Fraud Detection in Online Banking Data

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Digital banking fraud resulted in a total financial loss of R284.2m in 2019, an 8% increase from 2018 [1]. The ability to detect fraud rapidly helps to prevent financial losses from occurring and maintain customer relationships between the banking institutions and their respective clients. In this article we are going to share our insights from an investigation where we used a Hidden Markov Model to classify whether an online banking session is fraudulent based on the posterior probability.

Description of Data

Traditional classification approaches will train a model based on specific features that are either present in the data or engineered and a response variable that identifies whether an online banking session was fraudulent or not. The online banking data we explored is structured somewhat differently: this data is “click” sequence data. Challenges in applying traditional classification techniques include:

  1. The number of “clicks” in each online banking session is inconsistent.
  2. The order in which “clicks” occur is important.
  3. You can’t wait until an online banking session is complete to gather all the features before making a prediction (this is too late). A fraud prediction is required at each “click” in the online banking session to ensure timely fraud detection.

Figure 1 highlights an example of a typical sequence of interactions or “clicks” made by the user for an online backing session.



What is a Hidden Markov Model?

A Hidden Markov Model was investigated as an alternative approach to classifying sequential “click” data. A Hidden Markov Model is a model that observes a sequence of emissions (i.e. The “click” sequence data logged during the online banking session), but the sequence of states the model progresses through to generate the emissions is unknown (i.e. The hidden states being whether the banking session is fraudulent or not). [2] In this specific use-case Hidden Markov Models help determine the posterior probability of the model being in a particular state (fraud or non-fraud) at any point in the sequence (observed “click” data).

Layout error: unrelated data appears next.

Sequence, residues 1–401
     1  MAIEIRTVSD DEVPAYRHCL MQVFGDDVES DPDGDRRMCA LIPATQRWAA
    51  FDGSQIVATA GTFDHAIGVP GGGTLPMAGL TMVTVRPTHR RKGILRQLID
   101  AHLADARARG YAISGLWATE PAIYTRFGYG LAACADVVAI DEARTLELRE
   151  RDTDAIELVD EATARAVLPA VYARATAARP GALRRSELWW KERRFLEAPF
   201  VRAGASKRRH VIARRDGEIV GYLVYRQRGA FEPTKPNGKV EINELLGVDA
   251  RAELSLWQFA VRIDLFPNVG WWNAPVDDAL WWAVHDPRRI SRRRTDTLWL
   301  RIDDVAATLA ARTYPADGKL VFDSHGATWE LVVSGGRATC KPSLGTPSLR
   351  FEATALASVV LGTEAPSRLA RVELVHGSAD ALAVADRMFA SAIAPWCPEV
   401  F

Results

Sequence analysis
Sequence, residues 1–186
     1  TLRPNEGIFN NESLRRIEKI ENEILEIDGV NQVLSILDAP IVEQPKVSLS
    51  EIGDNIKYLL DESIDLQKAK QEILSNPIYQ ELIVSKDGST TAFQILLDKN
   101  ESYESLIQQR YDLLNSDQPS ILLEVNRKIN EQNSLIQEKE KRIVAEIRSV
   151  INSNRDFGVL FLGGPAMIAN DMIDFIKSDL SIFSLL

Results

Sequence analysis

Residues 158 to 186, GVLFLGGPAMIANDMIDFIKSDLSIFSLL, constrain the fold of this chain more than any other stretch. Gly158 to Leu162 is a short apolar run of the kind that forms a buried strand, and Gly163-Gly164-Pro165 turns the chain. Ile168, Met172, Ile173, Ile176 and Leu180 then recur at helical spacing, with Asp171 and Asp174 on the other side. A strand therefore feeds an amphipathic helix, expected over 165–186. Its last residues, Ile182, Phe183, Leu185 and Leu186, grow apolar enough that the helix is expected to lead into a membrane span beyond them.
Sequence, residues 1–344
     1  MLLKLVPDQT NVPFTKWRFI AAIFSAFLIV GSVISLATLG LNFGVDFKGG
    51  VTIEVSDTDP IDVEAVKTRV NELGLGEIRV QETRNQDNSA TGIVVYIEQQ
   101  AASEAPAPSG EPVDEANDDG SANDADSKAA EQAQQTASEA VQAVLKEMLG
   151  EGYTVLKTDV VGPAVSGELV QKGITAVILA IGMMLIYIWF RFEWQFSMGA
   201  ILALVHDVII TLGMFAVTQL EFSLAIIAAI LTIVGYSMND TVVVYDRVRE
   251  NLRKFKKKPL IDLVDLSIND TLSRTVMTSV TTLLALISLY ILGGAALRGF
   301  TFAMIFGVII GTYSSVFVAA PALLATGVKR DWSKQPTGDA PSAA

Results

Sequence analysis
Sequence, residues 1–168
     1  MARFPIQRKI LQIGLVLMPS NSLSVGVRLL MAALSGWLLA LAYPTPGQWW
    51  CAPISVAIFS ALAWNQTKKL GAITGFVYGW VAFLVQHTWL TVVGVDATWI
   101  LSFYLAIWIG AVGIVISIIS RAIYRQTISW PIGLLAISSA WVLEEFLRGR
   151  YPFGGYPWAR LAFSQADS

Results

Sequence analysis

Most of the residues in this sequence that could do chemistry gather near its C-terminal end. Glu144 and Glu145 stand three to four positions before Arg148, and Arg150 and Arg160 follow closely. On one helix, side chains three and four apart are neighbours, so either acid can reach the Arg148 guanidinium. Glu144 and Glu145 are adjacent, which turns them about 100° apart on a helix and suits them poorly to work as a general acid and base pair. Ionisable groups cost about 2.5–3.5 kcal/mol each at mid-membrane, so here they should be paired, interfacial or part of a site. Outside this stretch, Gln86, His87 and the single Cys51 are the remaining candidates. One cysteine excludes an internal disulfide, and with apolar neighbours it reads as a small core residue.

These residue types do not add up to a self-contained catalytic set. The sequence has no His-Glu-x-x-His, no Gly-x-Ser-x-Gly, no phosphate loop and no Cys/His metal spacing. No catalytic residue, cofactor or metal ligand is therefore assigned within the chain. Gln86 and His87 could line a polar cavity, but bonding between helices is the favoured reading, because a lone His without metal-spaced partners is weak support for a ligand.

Why did we use it?

The Hidden Markov Models allow a probability to be assigned to each “click” in the sequence. As a new action or “click” occurs, the model analyses the sequence of events and assigns a probability of fraud as the sequence of “clicks” in the online banking session progresses. A probability threshold is determined and then used to classify whether an online banking session is fraudulent at each “click” in the sequence. The session is flagged for further investigation or alternative security measures should the fraud probability determined from the Hidden Markov Model be greater than the threshold. Figure 2 shows a graphical representation of this process.


Hidden Markov Models in MATLAB

Built-in MATLAB functions are available to train and decode Hidden Markov Models. The online banking data had to be processed into encoded sequences to be used in the Hidden Markov Model functions. The individual banking sessions are then represented by a sequence of identifiers which represent the “click” actions of the user as well as other features of the session. The MATLAB functions used to develop this model were hmmtrain and hmmdecode [2].

What have we have learnt?

  • The Hidden Markov Models works well when the data (a “click” sequence) is long enough to identify a pattern during the online banking transaction. We have seen that these session lengths and thus sequences must be longer than two actions or “clicks”.
  • The Hidden Markov Model in MATLAB cannot account for the time between each “click” as this is not a time-based sequential model such as an LSTM (Long Short-Term Memory).
  • Transforming the “click” sequences to encoded sequences makes the addition of features difficult as each action or click needs to be represented by a unique identifier. Therefore, increasing the number of features increases the number of unique identifiers which in turn increases the difficulty of identifying events which may be fraudulent.



  1. 2020. SABRIC Annual Crime Stats 2019. [online] Available at: <> [Accessed 14 October 2020].
  2. 2020. Hidden Markov Models (HMM)- MATLAB & Simulink. [online] Available at: <> [Accessed 7 October 2020].

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